Lyrically the track aims to explore the idea of the titular Blame Kit, “a social mechanism that aims to shift or imply guilt onto a particular person, group, or idea”, the track was inspired by a case study Kristine read on children with Autism and Schizophrenia, as she explains, “‘his body will at one moment expand to contain things and events that are outside of it, and at the next shrink to near-nothingness…Uncertain of the boundaries of his body, things on the outside become terribly important.’ I couldn’t stop thinking about that.” The return of one of the most important, intriguing bands in the world, embrace this progress, this brave new musical world.

“Blame Kit” by Mothers from the album ‘Render Another Ugly Method,‘ available September 7th via ANTI- Records.

It’s been a long time since Justice burst onto the Athens scene with a pair of excellent EPs. After a few name changes and the addition of a few members, Justice is returning with a new EP. Much like Justice’s past releases, The Movies will serve as a chronicle of the past year in the life of the band, with songs that incorporate elements of folk as well as the occasional dip into pop-punk.  Their 5 track EP “the movies” is out today on Marching Banana Records. These songs are the best way we know how to say goodbye to what has been an insanely special few years making music together in Athens.

The record was recorded live one year ago with Drew and mastered by Chase Park Transduction. Thank you to everyone who has given our music their time and ears over the past two years!

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Band Members
jianna justice (guitar and vocals)
trent johnson (guitar)
william marks (bass)
colton reeves (drums

 

Even in the melting pot of the American new wave scene, The B-52s’ debut single stood out. Equal parts funny, weird and artfully avant-garde, “Rock Lobster” is still the greatest nonsensical six-and-a-half-minute psychedelic surf-rock song about marine life. “Well, there’s not any songs like it,” laughs vocalist Fred Schneider. The quintet bonded over a flaming volcano cocktail in a Chinese restaurant in Athens, Georgia, in late 1976, and quickly pieced together the song that helped secure them an audience on New York’s alternative scene.

“Nothing with the band was ever thought out or calculated,” says drummer Keith Strickland . “Even the way we dressed was just how we dressed when we went to parties before the band started. I think that’s what made it work, ’cos it was just who we were.”

Formed from an open-tuned riff written by the group’s late guitarist Ricky Wilson and wry sprechgesang poetry from Schneider, all topped off with raucous fish impressions from Kate Pierson and Cindy Wilson, “Rock Lobster” even has the honour of having sparked John Lennon’s return to the studio in the late ’70s. Recognising Yoko Ono’s influence on Cindy’s wild screams, Lennon became convinced the music world was now ready for him and his wife, and swiftly began work on Double Fantasy. “We started out as a party band,” says Schneider, “and we all had a good sense of humour. But we don’t do our songs in a funny way, we want to kick ass. We want to rock.”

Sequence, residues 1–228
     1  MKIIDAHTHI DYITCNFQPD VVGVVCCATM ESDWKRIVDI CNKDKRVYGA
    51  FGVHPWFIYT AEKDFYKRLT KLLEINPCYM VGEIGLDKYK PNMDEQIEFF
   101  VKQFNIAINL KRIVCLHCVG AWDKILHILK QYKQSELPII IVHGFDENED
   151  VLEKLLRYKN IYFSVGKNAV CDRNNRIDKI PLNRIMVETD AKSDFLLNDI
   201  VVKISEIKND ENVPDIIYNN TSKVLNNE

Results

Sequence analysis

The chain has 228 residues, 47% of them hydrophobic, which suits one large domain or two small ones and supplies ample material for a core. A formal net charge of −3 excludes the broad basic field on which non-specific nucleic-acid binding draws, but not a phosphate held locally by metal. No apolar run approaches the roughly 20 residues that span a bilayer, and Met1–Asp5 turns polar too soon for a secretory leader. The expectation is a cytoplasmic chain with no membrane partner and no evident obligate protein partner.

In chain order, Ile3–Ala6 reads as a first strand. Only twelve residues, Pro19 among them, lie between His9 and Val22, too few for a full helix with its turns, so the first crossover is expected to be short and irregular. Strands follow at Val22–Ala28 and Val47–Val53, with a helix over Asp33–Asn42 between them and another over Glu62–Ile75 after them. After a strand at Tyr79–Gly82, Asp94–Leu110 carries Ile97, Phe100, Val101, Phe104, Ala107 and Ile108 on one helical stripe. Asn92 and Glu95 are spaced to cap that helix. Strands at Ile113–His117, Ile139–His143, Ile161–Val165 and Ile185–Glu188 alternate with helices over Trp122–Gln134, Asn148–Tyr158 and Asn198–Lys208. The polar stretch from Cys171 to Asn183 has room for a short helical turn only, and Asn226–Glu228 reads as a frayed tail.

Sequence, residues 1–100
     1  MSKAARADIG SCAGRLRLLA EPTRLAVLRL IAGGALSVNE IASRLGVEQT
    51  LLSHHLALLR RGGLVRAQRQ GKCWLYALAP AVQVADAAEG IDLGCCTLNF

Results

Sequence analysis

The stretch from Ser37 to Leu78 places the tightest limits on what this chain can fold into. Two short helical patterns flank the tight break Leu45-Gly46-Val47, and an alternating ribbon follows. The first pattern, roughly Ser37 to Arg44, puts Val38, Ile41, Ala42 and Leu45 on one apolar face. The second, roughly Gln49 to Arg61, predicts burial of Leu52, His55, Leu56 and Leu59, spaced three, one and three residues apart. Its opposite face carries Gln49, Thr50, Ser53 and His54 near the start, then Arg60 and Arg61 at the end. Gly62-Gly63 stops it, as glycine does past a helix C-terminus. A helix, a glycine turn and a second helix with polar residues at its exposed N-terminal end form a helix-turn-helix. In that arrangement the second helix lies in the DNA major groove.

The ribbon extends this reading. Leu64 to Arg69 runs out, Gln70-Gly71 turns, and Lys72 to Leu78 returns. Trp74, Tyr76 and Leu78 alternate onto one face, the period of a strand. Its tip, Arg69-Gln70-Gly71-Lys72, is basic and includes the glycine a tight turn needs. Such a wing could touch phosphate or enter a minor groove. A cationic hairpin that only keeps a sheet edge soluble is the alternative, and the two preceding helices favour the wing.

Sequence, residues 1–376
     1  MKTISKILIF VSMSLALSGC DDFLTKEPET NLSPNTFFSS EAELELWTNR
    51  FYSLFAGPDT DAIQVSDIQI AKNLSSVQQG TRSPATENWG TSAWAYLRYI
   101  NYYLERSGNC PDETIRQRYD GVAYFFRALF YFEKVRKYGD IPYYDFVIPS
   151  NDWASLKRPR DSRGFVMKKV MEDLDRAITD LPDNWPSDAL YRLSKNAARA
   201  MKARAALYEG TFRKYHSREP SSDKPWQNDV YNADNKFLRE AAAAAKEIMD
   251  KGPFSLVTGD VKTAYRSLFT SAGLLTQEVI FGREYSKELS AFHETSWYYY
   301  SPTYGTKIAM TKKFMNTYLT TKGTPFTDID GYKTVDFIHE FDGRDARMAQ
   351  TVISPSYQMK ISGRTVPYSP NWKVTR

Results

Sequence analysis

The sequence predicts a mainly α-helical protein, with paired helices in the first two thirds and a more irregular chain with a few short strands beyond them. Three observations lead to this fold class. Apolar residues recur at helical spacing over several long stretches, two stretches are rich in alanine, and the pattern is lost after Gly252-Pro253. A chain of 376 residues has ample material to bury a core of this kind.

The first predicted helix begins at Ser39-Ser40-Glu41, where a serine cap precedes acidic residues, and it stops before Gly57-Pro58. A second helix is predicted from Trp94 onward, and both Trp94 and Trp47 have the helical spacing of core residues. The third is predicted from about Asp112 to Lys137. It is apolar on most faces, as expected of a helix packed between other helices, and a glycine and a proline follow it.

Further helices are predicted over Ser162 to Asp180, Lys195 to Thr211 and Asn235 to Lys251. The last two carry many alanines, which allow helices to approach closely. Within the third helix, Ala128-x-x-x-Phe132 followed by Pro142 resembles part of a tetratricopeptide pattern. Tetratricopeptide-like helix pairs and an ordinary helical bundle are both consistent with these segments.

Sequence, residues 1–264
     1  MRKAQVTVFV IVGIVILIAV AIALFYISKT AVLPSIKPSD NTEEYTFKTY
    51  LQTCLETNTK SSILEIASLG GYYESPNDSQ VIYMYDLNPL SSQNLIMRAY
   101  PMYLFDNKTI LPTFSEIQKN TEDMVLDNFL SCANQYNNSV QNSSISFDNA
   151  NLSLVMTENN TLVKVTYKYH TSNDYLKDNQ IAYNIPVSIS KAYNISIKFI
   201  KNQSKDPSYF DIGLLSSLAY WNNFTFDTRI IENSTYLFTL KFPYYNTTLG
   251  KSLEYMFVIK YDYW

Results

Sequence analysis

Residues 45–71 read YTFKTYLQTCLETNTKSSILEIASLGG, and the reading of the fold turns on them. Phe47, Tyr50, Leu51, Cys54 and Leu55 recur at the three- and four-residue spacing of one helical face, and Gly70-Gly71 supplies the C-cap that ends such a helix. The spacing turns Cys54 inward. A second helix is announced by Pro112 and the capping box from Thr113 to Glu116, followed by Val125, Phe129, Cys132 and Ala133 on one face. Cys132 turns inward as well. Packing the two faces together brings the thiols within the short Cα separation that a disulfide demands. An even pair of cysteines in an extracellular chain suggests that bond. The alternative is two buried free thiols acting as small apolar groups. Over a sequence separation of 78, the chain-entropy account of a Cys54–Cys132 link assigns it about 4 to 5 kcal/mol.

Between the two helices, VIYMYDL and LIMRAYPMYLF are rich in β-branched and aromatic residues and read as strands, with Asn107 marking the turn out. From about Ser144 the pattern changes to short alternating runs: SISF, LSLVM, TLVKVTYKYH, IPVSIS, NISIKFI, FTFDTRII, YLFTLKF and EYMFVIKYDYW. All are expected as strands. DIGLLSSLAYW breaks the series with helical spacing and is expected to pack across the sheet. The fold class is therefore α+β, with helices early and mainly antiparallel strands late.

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KEITH STRICKLAND (drums): I’d been friends with Ricky since we were 16 in high school. I would play his guitar sometimes, but I would often break a string, and instead of replacing it I’d just retune the guitar to some open tuning. This was much to Ricky’s annoyance… I said, “Try playing it like this.” And he finally tried it. The next day I walked in, and he’s playing the guitar and laughing. I go, “What’s so funny?” and he says, “I’ve just written the most stupid guitar riff ever.” And he plays the “Rock Lobster” riff. He knew it was good, but he also thought it was funny – that was Ricky’s sense of humour.

FRED SCHNEIDER (vocals, songwriting): I first heard the riff when we started jamming. I’d had the idea for the title – I was at this disco in Atlanta, called 2001 Disco, and instead of a light show they had a really cheap, cheesy slideshow. They’d show slides of puppies, lobsters on the grill, hamburgers, children… I mean, it wasn’t a pervy place [laughs], but it definitely wasn’t an expensive, deluxe place. And I just thought “rock this, rock that… rock lobster”. So we went into our studio, which was an unheated bloodletting room in the African-American part of town, in a funeral parlour.

STRICKLAND: I would just jam along with Ricky. Kate wasn’t playing bass on the keyboard yet, so it was just drums and guitar; very White Stripes!

SCHNEIDER: The way we worked was to jam for a long time. If we thought we had something, Ricky and Keith would take it back on their tape recorder, and then they’d come back and play it for us, and show us parts and we’d see if it worked for us. I just thought, “Okay, so this is the title, imagine something and then just start singing about it…” Sometimes pot would help, too [laughs]. It just gradually grew and then it wound up at six and a half minutes long…

STRICKLAND: When Cindy goes into the scream, that was sort of a tip of the hat to Yoko Ono. We were all big fans of her music. I think the fish sounds and Fred going “there goes a narwhal” and “here comes a bikini whale” and all that stuff, that was just from the jams, and piecing it all together.

SCHNEIDER: “Pass the tanning butter…” That was probably a ’60s reference, ’cos I lived near the shore, and there were constant ads for suntan lotion and all that stuff – I just threw everything into the mix.